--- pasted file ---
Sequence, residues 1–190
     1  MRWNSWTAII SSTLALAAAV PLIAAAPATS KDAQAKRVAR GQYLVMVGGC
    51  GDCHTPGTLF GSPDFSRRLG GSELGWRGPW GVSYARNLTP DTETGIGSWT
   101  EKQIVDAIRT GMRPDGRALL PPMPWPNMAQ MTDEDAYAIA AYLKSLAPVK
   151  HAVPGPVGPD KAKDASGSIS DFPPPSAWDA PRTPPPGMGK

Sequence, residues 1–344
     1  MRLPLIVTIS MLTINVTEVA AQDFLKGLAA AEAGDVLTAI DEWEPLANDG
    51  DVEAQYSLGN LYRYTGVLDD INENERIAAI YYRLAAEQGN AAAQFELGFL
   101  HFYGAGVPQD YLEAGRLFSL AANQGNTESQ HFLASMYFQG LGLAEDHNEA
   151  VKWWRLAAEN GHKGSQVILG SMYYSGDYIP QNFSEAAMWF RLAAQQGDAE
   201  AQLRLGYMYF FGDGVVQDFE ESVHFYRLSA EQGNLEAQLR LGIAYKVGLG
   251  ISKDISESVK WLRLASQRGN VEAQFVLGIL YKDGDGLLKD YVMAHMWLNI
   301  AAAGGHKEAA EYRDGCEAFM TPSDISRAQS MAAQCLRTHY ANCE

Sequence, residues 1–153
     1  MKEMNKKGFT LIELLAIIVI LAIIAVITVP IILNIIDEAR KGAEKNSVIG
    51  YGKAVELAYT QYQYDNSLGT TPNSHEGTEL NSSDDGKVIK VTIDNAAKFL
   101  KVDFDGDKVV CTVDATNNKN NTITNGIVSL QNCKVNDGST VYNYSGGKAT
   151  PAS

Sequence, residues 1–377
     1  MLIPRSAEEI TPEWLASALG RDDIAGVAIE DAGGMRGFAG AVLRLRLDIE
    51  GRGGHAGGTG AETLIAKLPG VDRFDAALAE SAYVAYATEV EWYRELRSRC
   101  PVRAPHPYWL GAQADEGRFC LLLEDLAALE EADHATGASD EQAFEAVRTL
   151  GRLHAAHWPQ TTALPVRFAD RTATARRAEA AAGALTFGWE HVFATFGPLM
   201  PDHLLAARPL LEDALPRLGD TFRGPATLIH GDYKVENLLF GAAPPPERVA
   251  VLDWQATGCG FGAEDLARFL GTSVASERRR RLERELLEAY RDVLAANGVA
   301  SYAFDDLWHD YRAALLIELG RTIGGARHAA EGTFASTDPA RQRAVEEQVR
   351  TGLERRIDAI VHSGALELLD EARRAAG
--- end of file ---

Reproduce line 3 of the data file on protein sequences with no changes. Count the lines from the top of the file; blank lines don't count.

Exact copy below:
    51  GDCHTPGTLF GSPDFSRRLG GSELGWRGPW GVSYARNLTP DTETGIGSWT